Who Ever Heard of Eating Healthy and Enjoying Your Vacation at the Same Time?

The following two tabs change content below.
Heather’s dream is to share with the world her success at becoming healthy after age 40. Heather lost over 88 pounds through changing her diet and incorporating exercise into her busy life. She would like to take what she has learned about becoming fit after 40, and using her Metabolic Training Certification to help others struggling with weight issues mid-life. Heather’s post day is Monday.
If you aren't sure how to comment on this story, click here.

Latest posts by Heather Montgomery (see all)

Eat healthy on vacation


There is nothing like a long holiday weekend to remind you how easy it is to fall off the “healthy eating” bandwagon. This weekend was an experience as my husband took me and my health and fitness dream out of town for a couple wonderful days.

Road trip = bad eating (or not)

The feeling of an adventure by getting out of town is something that I have not had in a very long time. Just the thought of a day trip caused concerns of gas costs, missed dealines, and they ever present question of “What do YOU want to do?”.

Add all that to my new obsession: eating healthy.

When you are excited about leaving, it’s hard to be careful not to ignore good eating habits our sabotage our health my over indulging. Aren’t those treats part of the fun of vacationing? Well, they used to be for me.

Just because you can eat it, doesn’t mean you should

Those fast food restaurants go streaming by your car window, and convenience stores pop up everywhere just calling your name. Unfortunately they offer plenty of options for processed foods and treats are nutritionally poor – loaded with fat, sugar, salt, chemicals, not to mention the calories. All these are set up for quick hunger relief but can most likely leave you feeling bloated and fatigued.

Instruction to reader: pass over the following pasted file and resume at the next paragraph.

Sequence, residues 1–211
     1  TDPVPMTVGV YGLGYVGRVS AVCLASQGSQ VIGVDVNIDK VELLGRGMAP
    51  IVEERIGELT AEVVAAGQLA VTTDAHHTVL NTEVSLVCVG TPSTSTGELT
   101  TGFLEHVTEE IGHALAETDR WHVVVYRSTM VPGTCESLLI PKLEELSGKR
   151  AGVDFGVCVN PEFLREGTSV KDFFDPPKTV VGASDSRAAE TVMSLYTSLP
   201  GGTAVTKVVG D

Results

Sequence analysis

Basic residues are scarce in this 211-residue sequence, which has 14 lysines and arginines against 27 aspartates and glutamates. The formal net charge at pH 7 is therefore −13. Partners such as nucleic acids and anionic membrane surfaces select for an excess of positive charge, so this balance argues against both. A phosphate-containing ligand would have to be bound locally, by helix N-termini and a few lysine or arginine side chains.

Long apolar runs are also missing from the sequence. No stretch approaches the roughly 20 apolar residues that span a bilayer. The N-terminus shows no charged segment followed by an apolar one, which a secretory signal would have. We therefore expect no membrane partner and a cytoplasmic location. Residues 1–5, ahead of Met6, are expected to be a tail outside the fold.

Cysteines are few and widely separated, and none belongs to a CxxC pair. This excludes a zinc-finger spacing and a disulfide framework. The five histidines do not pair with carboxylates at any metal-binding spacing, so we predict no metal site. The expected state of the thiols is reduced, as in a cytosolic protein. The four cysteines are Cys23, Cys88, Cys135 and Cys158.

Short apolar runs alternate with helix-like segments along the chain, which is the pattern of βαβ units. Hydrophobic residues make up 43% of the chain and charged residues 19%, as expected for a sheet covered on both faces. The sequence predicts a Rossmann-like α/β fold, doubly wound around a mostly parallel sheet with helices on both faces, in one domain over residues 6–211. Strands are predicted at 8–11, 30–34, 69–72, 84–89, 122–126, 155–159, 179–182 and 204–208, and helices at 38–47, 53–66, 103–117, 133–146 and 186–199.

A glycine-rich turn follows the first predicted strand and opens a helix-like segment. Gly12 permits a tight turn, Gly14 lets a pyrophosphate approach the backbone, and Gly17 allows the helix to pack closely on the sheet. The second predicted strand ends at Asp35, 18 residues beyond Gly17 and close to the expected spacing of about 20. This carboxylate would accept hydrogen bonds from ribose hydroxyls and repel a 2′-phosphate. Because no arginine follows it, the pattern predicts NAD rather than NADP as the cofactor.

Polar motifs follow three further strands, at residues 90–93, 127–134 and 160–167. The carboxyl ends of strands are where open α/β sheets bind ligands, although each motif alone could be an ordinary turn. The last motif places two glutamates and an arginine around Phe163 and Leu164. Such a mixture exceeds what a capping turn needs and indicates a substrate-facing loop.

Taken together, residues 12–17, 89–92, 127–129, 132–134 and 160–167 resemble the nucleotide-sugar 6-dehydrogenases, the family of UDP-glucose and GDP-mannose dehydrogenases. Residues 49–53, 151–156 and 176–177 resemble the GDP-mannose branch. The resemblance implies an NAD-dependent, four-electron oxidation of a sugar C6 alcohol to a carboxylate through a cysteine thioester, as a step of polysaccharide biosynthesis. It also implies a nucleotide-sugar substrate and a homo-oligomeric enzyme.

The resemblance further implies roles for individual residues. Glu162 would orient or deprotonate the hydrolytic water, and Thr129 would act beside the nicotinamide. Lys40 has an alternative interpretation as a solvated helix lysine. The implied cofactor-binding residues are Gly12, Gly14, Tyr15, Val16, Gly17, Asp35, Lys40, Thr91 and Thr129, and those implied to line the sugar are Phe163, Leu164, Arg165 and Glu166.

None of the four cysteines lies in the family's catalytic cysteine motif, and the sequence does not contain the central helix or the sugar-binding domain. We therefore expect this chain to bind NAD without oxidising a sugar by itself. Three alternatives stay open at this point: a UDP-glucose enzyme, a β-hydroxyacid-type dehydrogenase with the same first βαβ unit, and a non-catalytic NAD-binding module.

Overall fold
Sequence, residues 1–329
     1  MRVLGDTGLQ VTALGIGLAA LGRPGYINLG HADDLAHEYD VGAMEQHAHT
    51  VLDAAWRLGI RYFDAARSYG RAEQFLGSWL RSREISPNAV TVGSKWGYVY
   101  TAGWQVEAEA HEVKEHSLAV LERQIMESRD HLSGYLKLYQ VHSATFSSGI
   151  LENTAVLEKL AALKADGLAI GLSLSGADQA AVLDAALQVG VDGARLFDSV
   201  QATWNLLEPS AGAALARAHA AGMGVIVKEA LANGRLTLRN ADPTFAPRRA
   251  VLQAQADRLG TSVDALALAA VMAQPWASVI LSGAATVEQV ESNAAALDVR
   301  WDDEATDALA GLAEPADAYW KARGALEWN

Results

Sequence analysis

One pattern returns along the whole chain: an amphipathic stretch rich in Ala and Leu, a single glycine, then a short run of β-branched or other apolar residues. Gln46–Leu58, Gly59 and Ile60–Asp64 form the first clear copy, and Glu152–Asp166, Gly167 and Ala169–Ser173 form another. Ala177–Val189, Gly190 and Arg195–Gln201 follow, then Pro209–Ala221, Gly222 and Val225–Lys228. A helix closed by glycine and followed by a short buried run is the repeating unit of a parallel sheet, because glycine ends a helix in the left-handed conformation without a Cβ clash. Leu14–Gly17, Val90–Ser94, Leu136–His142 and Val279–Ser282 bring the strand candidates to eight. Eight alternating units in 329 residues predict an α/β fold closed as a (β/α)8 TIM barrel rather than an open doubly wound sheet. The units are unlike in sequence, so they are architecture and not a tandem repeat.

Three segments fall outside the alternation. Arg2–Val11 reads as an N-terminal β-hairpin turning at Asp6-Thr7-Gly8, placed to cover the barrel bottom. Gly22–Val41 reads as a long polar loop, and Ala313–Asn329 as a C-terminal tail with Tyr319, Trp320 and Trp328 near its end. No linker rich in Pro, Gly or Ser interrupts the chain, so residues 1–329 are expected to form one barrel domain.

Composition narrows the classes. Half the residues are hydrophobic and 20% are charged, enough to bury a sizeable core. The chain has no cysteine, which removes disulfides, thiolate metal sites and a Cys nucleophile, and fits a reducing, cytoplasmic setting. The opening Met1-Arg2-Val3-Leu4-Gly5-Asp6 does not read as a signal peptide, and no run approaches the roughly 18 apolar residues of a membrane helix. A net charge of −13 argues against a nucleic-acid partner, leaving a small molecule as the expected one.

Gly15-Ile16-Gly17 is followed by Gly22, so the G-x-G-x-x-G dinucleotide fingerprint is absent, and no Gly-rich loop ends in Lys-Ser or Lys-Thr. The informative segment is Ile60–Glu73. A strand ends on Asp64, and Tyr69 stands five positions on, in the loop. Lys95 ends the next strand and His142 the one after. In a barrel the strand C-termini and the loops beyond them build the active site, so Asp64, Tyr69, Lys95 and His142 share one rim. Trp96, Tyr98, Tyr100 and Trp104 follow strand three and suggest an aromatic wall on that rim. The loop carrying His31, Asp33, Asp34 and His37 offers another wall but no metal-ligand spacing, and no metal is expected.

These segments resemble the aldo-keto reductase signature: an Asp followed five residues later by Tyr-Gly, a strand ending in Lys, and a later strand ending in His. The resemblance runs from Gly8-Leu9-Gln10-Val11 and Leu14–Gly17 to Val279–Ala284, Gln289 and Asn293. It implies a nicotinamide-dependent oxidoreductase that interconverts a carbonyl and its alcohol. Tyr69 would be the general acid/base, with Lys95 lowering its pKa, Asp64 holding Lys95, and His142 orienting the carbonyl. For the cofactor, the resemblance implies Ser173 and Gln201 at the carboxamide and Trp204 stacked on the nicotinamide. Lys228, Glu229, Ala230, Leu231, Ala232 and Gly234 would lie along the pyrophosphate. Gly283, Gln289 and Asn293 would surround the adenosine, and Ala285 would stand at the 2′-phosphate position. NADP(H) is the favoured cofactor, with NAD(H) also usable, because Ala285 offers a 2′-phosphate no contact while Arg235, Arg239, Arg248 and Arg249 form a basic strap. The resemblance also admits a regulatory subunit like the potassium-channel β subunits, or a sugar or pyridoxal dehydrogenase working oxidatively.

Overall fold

Planning ahead makes all the difference in making good choices when on the road. Espiecially if you want to try and avoid the ‘grab and go’ food that will be surrounding you.

You want to pack simple and easy portable choices like:

  • Your favorite nut butter and baked whole grain crackers or rice cakes. You can even make up some road-friendly sandwiches with whole wheat or multi-grain bread and nut butter. My new favorite? Justin’s Maple Almond butter is amazing!
  • Fruit, nuts or a high quality natural dry cereal to curb that crunch craving. Trail mix works great for some people here, just make sure its full of your favorite goodies that are healthy (M&M’s don’t count here!)
  • Protein bars or granola bars are an easy take-on-the-road snack. Keep an eye on the labels and avoid any chemicals, hydrogenated oil, or high fructose corn syrup that tend to pop up. Choose one with a reasonable calorie count – I shoot for one that is under 200 calories – that is low in fat and sugar content.
  • A little cooler can go a long way if you stock it with berries, low-fat cheese, hard-boiled eggs, yogurt, or raw veggies and hummus.
  • Need a protein boost that doens’t need regrigeration? Single serve packets of tuna or sardines with a whole grain pita is a simple and healthy sandwich that takes a minute to put together.
  • Love the crunch factor? Natural popcorn is a low calorie and easy travel option. Just pop it ahead of time and put it in a container or bag to take it along.

Be strong… avoid these foods while on the road

These foods will haunt you. They are piled high next to the morning coffee at the hotels continental breakfast, and within easy reach of every checkout counter.

  • Anything made with white flour. You know what these are (bagels, hard rolls, breakfast buns) and these refined grains and simple carbohydrates do nothing but hurt your health and fitness dream goals.